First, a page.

In recent memory, we've seen publishers reaching back one or two years at best when looking for HD remake source material. Some may view this trend as an easier way for studios to churn out "new" content as production costs continue to skyrocket, but if you've never played the game in question, being treated to a slick, visually modernized version of that semi-dated experience can make for a tantalizing proposition.
And that's about where I stand with Devil May Cry 4. After a few years of sideline-sitting, I took a leap into the Xbox 360 generation midway through the appallingly late year of 2008--that four-figure grad school salary wasn't doing me many favors--so, from my perspective, this fourth installment of Capcom's stylish action brawler might as well be brand new. I understand that's probably not the case for many of you, and, to be fair, Devil May Cry 4 hasn't aged quite enough to have reached "classic" status. At the same time, though, we're not seeing a whole lot of developers outside of Capcom and Platinum (a studio started by Devil May Cry creator Hideki Kamiya) make this type of game, so I'm willing to forgive any cynicism baked into the upcoming Special Edition's release--Scalebound and the next iteration of DmC aren't likely to see the light of day anytime soon. (I'll unfortunately have to assume Bayonetta 3 is a no-go.)
If you played the original Devil May Cry 4 seven years ago, the changes seen in this Special Edition might not seem all that world-shattering. For the most part, it carries over features seen in the PC port that took advantage of beefier hardware: Legendary Dark Knight Mode, which adds significantly more enemies to the main campaign--in a manner similar to Dark Souls II's Scholar of the First Sin edition--and Turbo Mode, which ups the game's already snappy pace. And, of course, Devil May Cry 4 looks somewhat better this time around, though you should know what to expect from a slightly revamped version of 2008 visuals. Obviously, this isn't going to be on par with something like Bloodborne, but even with dated graphics, the general stylish, over-the-top weirdness of Devil May Cry usually makes up for any technical deficiencies.
While the essential Devil May Cry 4 experience hasn't changed much outside of its two optional modes, the Special Edition brings some new playable characters from Dante's past into the mix. Trish and Lady now join the former bro-down hoedown cast that once consisted of only Dante and Nero--and, just as Dante took over for Nero roughly halfway through the original DMC4, these two will also take a tag-team approach to the core campaign. Vergil makes for the final entry to the Special Edition's roster, bringing his moveset from Devil May Cry 3, along with a few tweaks inspired by his DmC showing. And, from all appearances, this content isn't been treated as an afterthought; Capcom's Hideaki Itsuno, who directed Devil May Cry 2, 3, and 4 (as well as Dragon's Dogma), served a hands-on role in developing these additions--which feels like a necessity for a series that relies so heavily on its ultra-technical combat.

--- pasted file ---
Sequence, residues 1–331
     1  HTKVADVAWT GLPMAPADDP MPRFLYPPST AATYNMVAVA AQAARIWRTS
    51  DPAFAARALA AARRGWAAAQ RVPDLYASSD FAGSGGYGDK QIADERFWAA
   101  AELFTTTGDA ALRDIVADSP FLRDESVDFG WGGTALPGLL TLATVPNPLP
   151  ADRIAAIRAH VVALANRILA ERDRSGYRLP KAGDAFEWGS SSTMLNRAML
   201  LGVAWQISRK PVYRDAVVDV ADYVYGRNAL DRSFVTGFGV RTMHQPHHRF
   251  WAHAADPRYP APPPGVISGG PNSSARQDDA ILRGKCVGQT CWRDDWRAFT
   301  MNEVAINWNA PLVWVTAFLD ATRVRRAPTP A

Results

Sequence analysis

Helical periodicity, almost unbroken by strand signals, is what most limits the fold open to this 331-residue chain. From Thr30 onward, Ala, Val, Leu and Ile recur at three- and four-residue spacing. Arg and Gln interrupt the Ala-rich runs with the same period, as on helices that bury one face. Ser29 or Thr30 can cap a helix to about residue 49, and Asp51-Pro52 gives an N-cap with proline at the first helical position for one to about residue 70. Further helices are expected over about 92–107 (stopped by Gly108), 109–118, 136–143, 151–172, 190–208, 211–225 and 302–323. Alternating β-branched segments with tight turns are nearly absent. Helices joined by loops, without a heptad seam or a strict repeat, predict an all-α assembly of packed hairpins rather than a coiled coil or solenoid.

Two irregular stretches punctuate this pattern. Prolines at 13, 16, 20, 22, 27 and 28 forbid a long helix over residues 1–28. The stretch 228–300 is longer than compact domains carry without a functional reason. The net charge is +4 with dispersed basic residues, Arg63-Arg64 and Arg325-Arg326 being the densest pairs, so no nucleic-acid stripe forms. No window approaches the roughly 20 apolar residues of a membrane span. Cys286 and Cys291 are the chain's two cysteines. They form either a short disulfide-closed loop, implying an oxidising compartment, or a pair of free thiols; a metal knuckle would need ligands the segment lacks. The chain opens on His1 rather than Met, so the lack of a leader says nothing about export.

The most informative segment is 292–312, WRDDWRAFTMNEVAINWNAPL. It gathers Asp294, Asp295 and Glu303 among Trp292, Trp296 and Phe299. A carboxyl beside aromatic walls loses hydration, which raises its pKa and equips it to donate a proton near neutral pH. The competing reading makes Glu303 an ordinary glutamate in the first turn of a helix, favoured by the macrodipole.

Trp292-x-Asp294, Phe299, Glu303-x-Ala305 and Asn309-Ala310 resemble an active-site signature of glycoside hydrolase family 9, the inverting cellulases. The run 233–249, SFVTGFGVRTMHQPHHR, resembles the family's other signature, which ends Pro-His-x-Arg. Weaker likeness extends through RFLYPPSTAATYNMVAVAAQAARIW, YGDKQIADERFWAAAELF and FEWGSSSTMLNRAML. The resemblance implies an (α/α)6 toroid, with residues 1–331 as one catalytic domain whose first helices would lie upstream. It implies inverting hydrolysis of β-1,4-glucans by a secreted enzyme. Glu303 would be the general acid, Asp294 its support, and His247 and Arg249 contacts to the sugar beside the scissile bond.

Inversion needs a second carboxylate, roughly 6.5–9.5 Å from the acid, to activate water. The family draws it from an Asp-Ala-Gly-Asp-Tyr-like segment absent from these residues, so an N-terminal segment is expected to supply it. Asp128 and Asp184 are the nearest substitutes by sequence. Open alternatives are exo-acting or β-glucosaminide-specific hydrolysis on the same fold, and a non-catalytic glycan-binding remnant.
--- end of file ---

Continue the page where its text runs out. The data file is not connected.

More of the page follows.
A recent, hands-on session with Devil May Cry 4's Special Edition mainly had me dipping into closed arenas to test out the number of ways to approach combat. Lady's moveset focuses on firearms--she uses a rocket launcher to double-jump, after all--and her lack of powerful close range attacks made me reevaluate DMC's typically in-your-face style of fighting. Since some of Lady's most powerful moves involve charging her weapons, you'll need to find safe windows of time to commit to the somewhat lengthy windup.
Trish, on the other hand, feels a bit more beginner-friendly. She's equipped with a single weapon, which removes a chunk of complexity from combat, but thankfully, said weapon can really be a nightmare for enemies. An easy-to-execute attack sends her sword out as a spinning blade of death that hovers nearby and keeps up the combo counter as Trish pulls off her own moves independently--which can be incredibly satisfying to watch. Vergil, the final new addition to DMC4, centers his fighting style around maintaining a ever-charging meter that dips whenever he takes damage or suffers an attack--a sort of "the rich get richer" gameplay reward intended for Devil May Cry combo masters.
Though I enjoyed the hell of 2012's Devil May Cry HD Collection--an outstanding little bundle of games--it goes without saying that Platinum's really evolved the genre since the 2008 release of Devil May Cry 4. And, seeing as their interpretation of "stylish action" is the one I'm most familiar with at this point, going back to this older style takes some getting used to, especially if you've sunk time into the ultra-intuitive Bayonetta 2. There's just something about a powerful counter/dodge mechanic (like Bayonetta's Witch Time and Metal Gear Rising's Blade Mode) that makes this style of combat a lot more satisfying, thanks to how these techniques give you a handful of slow-mo seconds to simply revel in your protagonist's badassery. Simply put, there's a reason Platinum features a concept like this in all of their games--one that isn't at all related to a lack of creativity.
We don't talk much about the cost of games here on USgamer, but, as a budget release, Devil May Cry IV's Special Edition could be worthwhile--doubly so when you consider the original 2008 version can be had for less than 10 dollars. And when Devil May Cry's HD Collection released three years ago, part 3 wasn't as old as part 4 is now, and two other games came along for the ride in a package that cost less than a new release. With this precedent set, I hope Capcom doesn't overestimate how much people are willing to pay for a game that's well-remembered, but not quite a classic. The last thing I'd like to see is consumers growing justifiably cranky over a style of game that feels on the verge of extinction these days.